Rhythmic Neural Patterns During Empathy to Vicarious Pain: Beyond the Affective-Cognitive Empathy Dichotomy

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Abstract

Empathy is often split into an affective facet for embodied simulation or sometimes sensorial processing, and a cognitive facet for mentalizing and perspective-taking. However, a recent neurophenomenological framework proposes a graded view on empathy (i.e., “Graded Empathy”) that extends this dichotomy and considers multiple levels while integrating complex neural patterns and representations of subjective experience. In the current magnetoencephalography study, we conducted a multidimensional investigation of neural oscillatory modulations and their cortical sources in 44 subjects while observing stimuli that convey vicarious pain (vs no-pain) in a broad time window and frequency range to explore rich neural representations of pain empathy. Furthermore, we collected participants’ subjective-experience of sensitivity to vicarious pain, as well as their self-reported trait levels of affective and cognitive empathy to examine the possible associations between neural mechanisms and subjective experiences and reports. While extending previous electrophysiological studies that mainly focused on alpha suppression, we found here four significant power modulation patterns corresponding to multiple facets of empathy: an early central (peaking in the paracentral sulcus) alpha (6–11 Hz) suppression pattern plausibly reflecting sensory processing, two early beta (15–23 Hz) suppression patterns in the mid-cingulate cortex (plausibly reflecting the affective component) and in the precuneus (plausibly reflecting the cognitive component), and a late anterior (peaking in the orbitofrontal cortex) alpha-beta (11–19 Hz) enhancement pattern (plausibly reflecting cognitive-control inhibitory response). Interestingly, the latter measure was negatively correlated with the subjective sensitivity to vicarious pain, thereby possibly revealing a novel inhibitory neural mechanism determining the subjective sensitivity to vicarious pain. Altogether, these multilevel findings cannot be accommodated by the dichotomous model of empathy (i.e., affective-cognitive), and provide empirical support to the Graded Empathy neurophenomenological framework. Furthermore, this work emphasizes the importance of examining multiple neural rhythms, their cortical generators, and reports of subjective-experience in the aim of elucidating the complex nature of empathy.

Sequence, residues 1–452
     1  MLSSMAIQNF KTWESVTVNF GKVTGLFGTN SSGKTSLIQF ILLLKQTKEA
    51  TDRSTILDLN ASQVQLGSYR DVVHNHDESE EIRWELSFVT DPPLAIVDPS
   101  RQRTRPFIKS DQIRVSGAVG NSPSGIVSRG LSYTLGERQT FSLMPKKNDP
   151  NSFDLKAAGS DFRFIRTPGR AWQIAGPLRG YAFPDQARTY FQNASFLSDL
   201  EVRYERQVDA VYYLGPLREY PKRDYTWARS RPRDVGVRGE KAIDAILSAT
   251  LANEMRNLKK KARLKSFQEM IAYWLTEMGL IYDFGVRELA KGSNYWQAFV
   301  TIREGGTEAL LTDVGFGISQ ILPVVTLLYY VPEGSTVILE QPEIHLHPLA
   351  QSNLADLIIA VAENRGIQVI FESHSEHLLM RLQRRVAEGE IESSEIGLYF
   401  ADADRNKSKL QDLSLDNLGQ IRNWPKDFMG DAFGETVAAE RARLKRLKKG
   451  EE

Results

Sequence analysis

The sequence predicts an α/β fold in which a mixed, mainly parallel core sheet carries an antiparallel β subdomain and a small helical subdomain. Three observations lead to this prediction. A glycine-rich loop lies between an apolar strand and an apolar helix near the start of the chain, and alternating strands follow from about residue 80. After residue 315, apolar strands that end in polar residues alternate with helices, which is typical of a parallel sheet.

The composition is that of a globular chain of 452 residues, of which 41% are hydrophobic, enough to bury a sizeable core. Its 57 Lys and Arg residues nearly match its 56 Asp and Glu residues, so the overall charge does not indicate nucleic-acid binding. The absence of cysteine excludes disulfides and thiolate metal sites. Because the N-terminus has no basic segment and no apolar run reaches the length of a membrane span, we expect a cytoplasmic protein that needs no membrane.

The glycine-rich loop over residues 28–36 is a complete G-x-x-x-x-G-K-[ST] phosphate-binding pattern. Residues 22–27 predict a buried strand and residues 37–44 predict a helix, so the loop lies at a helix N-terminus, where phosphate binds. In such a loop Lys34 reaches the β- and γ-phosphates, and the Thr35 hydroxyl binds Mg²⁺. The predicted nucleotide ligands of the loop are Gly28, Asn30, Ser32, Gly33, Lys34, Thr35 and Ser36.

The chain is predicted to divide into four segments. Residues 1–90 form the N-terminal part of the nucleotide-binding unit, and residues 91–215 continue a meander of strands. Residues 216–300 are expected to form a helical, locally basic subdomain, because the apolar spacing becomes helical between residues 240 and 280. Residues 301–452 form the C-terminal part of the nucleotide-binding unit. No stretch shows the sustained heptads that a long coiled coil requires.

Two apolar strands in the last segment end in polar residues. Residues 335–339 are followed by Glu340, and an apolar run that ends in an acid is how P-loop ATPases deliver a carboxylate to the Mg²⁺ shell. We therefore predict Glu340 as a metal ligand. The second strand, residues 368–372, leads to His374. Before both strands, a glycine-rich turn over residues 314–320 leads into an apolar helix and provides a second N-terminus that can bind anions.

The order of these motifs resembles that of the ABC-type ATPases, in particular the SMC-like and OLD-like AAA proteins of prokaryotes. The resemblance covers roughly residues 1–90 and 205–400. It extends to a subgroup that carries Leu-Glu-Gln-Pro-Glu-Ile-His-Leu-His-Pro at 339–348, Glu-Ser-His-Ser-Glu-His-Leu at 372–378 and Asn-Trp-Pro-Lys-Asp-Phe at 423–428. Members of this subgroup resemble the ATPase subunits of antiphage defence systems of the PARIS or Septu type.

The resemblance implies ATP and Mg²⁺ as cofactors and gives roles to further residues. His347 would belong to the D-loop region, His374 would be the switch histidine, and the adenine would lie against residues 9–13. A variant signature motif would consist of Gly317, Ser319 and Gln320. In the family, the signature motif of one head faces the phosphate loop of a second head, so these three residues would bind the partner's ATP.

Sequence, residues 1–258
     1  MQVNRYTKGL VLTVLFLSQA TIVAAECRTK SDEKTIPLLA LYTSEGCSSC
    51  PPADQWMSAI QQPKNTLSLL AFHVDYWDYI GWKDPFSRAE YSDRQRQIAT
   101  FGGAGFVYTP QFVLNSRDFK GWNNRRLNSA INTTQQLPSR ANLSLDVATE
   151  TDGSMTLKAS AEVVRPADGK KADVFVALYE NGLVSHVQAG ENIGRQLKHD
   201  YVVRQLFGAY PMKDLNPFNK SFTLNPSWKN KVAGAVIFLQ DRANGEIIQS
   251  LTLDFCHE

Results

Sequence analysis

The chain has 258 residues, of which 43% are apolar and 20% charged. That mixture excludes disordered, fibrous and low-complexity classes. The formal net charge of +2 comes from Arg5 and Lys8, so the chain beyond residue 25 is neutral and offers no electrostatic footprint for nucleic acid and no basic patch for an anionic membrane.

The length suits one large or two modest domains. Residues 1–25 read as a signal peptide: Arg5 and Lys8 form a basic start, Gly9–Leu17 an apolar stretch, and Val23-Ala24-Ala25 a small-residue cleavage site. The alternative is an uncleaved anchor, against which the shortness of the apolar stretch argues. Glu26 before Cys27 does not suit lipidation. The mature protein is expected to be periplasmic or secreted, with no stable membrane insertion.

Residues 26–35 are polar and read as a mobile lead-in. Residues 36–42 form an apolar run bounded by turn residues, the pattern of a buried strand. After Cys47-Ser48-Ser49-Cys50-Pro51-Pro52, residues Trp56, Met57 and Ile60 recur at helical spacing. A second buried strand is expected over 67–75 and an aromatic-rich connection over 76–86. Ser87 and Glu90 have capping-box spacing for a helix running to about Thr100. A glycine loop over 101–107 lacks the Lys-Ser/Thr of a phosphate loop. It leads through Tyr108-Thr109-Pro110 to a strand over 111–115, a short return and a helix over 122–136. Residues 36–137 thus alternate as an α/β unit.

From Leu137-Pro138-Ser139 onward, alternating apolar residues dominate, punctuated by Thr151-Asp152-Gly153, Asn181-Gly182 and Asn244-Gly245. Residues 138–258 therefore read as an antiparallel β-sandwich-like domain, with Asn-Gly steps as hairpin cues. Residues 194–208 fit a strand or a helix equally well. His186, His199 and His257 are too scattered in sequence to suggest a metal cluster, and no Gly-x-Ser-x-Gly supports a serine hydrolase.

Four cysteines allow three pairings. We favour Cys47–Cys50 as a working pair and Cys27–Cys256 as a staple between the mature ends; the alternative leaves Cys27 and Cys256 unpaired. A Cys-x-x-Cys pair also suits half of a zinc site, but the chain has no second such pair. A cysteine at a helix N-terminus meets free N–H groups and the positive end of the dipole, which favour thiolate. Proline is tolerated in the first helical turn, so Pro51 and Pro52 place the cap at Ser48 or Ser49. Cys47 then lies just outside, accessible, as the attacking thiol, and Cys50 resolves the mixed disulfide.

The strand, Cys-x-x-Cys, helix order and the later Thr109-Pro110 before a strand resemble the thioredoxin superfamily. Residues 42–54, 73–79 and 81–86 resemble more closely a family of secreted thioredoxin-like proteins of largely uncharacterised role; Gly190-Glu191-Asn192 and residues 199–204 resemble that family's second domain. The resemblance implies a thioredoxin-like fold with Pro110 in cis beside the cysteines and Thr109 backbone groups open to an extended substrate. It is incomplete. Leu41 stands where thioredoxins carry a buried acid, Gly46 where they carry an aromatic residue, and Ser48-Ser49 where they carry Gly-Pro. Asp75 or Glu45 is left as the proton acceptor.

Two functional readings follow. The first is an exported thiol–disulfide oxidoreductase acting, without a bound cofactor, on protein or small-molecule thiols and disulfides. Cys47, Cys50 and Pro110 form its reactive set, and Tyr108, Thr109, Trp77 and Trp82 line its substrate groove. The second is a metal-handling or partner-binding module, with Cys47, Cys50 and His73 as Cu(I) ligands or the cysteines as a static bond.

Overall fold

Original languageEnglish
Article number708107
Number of pages9
JournalFRONTIERS IN HUMAN NEUROSCIENCE
Volume15
DOIs
Publication statusPublished - 7 Jul 2021
MoE publication typeA1 Journal article-refereed

Keywords

  • alpha rhythm
  • empathy
  • magnetoencephalagraphy
  • neural oscillations
  • neurophenomenolgy
  • pain empathy
  • social neuroscience

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